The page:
Memorial Day 2012, and I’m scrolling through my Twitter feed reading the various posts thanking those who gave their lives while serving in the military.
From ordinary people, from actors, from politicians, from athletes, from mothers and fathers, sons and daughters. I very much want to feel good about these exclamations of support and solidarity with those who serve, and those who have served, but at the same time I’m struggling with my feelings.
Those who know me know I am uncomfortable with being thanked for my military service, even when I know the sentiments are sincerely expressed. I didn’t join the Navy for patriotic reasons, I want to say to the thanker, I didn’t enlist to protect you, or your family.
I also didn’t re-enlist twice, or become an officer, or serve 20 years until retirement in 2003 for you. I suppose it could be argued that the public benefited from my service, and therefore I should be lauded even if my intentions were less than altruistic.
Perhaps, but it still doesn’t sit well with me.
* * *
Truthfully, I joined because there was nothing else for me to do at the time. I owed money — maybe not a lot in today’s terms, but in the early years of the 1980s it was a big sum — and had no marketable skills or job prospects. President Reagan was building up the military as part of his “Its Morning Again In America” campaign, and the door at the recruiting office was wide open.
I’m a pessimist by nature, and cynical as well, so there are times when someone around my own age thanks me for my service and instead in my mind I hear:
I’m so glad you and enough like you didn’t have any other options other than enlisting.
You stood the watch on more midnights than I can count while I was out partying, and cleaned toilets and typed reports and greased equipment and ran countless diagnostic checks and took temperature readings and stoked fires and climbed masts built latrines and field kitchens and took part in millions and millions of training exercises and drills.
While you and your brothers and sisters in arms were doing these things, I got a degree and/or started a profitable career and a family, including having some kids I likely will never let join the military, all while so many of you in uniform struggled with making ends meet.
I doubt very much if anyone in today’s military has the same feelings; by this point most all of them joined after it was “Morning in America” again, and they’ve never known anything but public support. A few will no doubt remember — crusty old Admirals and Generals, Master Chiefs and Sergeants Major — but does it do any good to recall those dark days?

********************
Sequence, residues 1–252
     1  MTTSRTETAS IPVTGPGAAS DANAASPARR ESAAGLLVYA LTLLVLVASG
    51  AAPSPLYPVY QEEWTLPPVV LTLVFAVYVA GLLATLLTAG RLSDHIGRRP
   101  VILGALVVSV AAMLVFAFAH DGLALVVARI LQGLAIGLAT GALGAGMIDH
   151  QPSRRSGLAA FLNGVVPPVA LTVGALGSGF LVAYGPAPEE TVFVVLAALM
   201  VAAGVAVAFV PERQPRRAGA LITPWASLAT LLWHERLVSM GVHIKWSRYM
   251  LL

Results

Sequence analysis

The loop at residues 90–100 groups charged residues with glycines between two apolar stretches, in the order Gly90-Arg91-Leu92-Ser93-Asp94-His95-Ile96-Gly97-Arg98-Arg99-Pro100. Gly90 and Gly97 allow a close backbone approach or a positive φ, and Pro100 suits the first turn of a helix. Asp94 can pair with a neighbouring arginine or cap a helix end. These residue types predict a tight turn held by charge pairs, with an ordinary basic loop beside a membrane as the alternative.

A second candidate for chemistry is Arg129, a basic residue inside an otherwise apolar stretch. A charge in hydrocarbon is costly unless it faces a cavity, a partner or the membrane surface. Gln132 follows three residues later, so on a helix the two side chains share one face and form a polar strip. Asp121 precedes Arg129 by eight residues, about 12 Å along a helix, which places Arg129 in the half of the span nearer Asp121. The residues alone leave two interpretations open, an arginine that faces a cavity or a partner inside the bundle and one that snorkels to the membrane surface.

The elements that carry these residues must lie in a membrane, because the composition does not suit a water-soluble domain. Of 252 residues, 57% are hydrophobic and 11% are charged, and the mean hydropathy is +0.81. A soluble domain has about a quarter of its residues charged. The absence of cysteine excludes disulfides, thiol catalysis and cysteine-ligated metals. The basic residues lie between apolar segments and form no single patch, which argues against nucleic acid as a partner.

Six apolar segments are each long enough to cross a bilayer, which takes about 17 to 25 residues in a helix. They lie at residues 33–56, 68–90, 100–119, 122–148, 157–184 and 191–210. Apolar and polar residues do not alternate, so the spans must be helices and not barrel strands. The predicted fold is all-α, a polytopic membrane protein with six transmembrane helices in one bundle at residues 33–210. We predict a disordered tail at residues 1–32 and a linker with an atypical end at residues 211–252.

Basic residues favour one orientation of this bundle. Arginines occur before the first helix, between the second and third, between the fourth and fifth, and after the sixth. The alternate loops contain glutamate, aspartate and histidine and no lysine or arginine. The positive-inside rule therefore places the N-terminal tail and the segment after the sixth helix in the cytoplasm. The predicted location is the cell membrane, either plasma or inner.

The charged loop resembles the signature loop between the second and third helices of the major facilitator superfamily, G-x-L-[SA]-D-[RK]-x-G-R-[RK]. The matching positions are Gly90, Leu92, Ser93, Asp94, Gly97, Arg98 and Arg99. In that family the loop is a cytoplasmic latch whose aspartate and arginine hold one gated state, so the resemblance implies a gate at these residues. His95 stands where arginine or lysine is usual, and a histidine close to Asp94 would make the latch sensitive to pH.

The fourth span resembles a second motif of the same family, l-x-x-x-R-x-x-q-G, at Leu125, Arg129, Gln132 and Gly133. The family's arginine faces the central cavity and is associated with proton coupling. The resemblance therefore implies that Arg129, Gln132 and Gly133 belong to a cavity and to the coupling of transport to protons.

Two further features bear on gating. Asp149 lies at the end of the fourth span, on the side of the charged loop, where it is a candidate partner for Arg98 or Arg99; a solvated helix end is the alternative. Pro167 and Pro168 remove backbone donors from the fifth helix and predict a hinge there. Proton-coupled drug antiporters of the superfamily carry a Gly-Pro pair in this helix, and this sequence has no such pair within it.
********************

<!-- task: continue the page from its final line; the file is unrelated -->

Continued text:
The parades and adulation after Iraq-1 — as some have cynically started to call it — were welcomed and appreciated by service members, and rightly so. But for me at least, this sudden outpouring of support for the military was viewed with some suspicion.
As someone who served in the U.S. military before the “reformation” of public perception that started with Grenada and Panama, and came to full fruition with Desert Storm, I very much also want to say: Where were your thanks and support in the years after Vietnam and before Stormin’ Norman?
Where were you after the 1983 bombing of the Marine barracks in Beirut that killed 220 Marines, 18 Navy and three Army, and injured an additional 60? That terrorist attack happened the day after I married my wife, and just two days before the invasion of Grenada, yet in the midst of a muddled and poorly thought-out policy such a loss of life in the service of our nation is rarely recalled these days.
* * *
Not long after Beirut a Chief Hospital Corpsman assigned to my command put on his helmet, got on his motorcycle to go home, and 20 minutes later was dead after being hit by a car. Around the same time a young Sailor died in a warehouse in a shipyard. He was on his way back to the ship after a night on the town and for whatever reason decided to climb the stacks of crates in the warehouse, pulling himself higher and higher until he grabbed an electrified rail attached to a crane.
I also recall two suicides, one at the midpoint and the other near the end of my career. One was a junior officer and the other a senior petty officer. Both of these Sailors felt extreme pressures which were known, but underestimated by those around them. For one the self-imposed drive to excel after transitioning from enlisted to officer, for the other the strain of an unfaithful spouse who threatened legal action to bar access to the couple’s children in the midst of a divorce.
As much as the men and women who fought and died, like the Marines, Sailors and Soldiers in Beirut, these four who served and died on active duty deserve remembrance by the public at large. On this Memorial Day, 2012, I am thinking about them and the thousands like them whose passing went unnoticed by the public.
I am also thinking of the men and women who I served with, who served before me and who serve now, after my time in uniform has passed.